Female Self-Representation and the Public Trust: Mary E. Wrinch and the AGW Collection

May 30 – August 16, 2015

Mary Wrinch, Sawmill Dorset

Mary Wrinch, Sawmill Dorset / Scierie dans le Dorset, c. / v. 1926, oil on canvas / huile sur toile, 83.7 x 86.2 cm / 83,7 x 86,2 cm., Gift of the artist / Don de l’artiste, 1959, Collection of the Art Gallery of Windsor / Collection de la galerie d’art de Windsor, 1959.006

Opening reception: June 4, 5:30 pm

Mary Evelyn Wrinch (1877-1969) was an important artist working in Toronto during the first half of the twentieth century. As a single woman she earned her living as an art educator, presiding over the art department at Bishop Strachan School, Toronto where she worked from 1901 to 1936. Prior to the Group of Seven’s interest in Ontario’s northern landscapes, Wrinch was an outdoor enthusiast and owned a twostorey cottage at Kingwood, Lake of Bays, where she canoed and sketched. Her work in that geography included her painting wilderness and industrial scenes.

As artist, educator and property owner, Mary Wrinch was an atypical woman for her generation. Trained initially in the art of the miniature, she moved on to paint in oil on panel boards and on enlarged stretched canvases beginning in the 1910s, followed by printmaking in the 1920s. Wrinch’s work is marked by a confidence in working in diverse media and a strong command over form, line and colour in the modernist tradition. Wrinch eventually married prominent artist and architect George Agnew Reid (1860-1947) in 1922 following the death of his first wife Mary Hiester (1854-1922). Many of Wrinch’s prints were the result of her forays around Wychwood Park where she resided with Reid in his landmark Arts and Crafts home, the “Upland Cottage,” and where the artist-couple were to spend the remainder of their lives.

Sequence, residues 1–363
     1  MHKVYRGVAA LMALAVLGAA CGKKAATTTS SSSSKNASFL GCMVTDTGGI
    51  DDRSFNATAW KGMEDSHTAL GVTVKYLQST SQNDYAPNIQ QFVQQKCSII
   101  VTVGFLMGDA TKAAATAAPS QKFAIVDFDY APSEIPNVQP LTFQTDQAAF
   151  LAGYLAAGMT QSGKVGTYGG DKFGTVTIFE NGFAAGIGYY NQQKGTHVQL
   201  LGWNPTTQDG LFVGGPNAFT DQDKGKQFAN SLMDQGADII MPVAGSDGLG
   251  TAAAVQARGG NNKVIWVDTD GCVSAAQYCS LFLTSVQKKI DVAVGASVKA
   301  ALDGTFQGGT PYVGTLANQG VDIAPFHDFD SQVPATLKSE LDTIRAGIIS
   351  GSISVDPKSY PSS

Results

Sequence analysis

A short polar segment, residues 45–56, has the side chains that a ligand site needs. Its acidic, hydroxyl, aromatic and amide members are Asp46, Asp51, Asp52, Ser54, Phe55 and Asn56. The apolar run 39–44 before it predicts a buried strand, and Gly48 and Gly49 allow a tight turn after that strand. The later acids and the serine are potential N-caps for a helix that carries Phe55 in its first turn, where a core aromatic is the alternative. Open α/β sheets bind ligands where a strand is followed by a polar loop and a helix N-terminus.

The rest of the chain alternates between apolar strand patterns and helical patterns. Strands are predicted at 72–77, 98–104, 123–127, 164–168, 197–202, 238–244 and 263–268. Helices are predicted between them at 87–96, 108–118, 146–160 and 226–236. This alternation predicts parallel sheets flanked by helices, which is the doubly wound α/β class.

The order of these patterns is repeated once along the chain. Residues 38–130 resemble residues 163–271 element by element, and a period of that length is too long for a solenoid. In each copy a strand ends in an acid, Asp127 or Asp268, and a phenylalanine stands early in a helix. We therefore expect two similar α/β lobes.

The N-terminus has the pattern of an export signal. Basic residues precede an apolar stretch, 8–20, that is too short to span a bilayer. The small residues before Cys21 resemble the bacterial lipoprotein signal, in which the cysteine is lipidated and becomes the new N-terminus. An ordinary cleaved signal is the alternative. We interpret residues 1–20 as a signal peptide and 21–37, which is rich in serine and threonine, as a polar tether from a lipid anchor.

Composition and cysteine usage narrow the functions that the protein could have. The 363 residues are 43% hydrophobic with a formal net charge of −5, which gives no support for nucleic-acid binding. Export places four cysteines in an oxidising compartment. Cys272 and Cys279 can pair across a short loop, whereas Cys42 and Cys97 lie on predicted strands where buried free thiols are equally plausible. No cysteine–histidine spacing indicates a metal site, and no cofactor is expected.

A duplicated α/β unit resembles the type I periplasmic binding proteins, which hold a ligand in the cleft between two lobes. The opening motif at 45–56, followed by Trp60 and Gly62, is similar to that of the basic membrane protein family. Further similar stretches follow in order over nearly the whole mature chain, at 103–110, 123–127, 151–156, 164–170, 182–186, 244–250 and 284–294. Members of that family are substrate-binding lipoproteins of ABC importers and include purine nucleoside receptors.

Mary Wrinch’s marriage to Reid folded her into a complex artist-couple dynamic. As this exhibition explores, before attending to her own legacy in public art collections, she first found herself addressing the Mary Hiester’s career followed by George Reid’s. While exploring Wrinch’s multi-media art practice, this show focuses on the formation of her public collection representation at the Art Gallery of Windsor. The development of the collection came to fruition through a long acquaintance with former AGW Director-Curator, Kenneth Saltmarche, whom she first met when he was a student at the Ontario College of Art. This exhibition re-opens her practice for study and profiles the work of an important artist through the lens of artist-couple histories and gender analysis.

The exhibition is accompanied by the e-publication Female Self-Representation and the Public Trust: Mary E. Wrinch and the AGW Collection, authored by Dr. Catharine M. Mastin, supplied in downloadable PDF format here.

Dr. Catharine M. Mastin, Exhibition Curator

Art Gallery of Windsor

Organized and circulated by the Art Gallery of Windsor